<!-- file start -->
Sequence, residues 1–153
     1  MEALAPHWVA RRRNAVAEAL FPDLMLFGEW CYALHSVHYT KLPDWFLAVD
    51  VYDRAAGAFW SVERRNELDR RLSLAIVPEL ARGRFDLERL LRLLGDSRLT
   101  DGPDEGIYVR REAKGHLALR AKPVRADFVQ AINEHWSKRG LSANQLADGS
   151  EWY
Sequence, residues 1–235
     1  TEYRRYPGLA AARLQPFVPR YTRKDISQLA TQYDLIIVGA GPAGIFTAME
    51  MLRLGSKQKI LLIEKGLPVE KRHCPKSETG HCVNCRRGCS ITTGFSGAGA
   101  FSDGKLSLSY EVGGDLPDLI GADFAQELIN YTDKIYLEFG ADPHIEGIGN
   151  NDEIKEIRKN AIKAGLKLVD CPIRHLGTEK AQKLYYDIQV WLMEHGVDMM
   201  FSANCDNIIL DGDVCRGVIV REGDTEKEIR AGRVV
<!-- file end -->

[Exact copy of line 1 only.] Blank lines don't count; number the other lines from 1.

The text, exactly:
Sequence, residues 1–153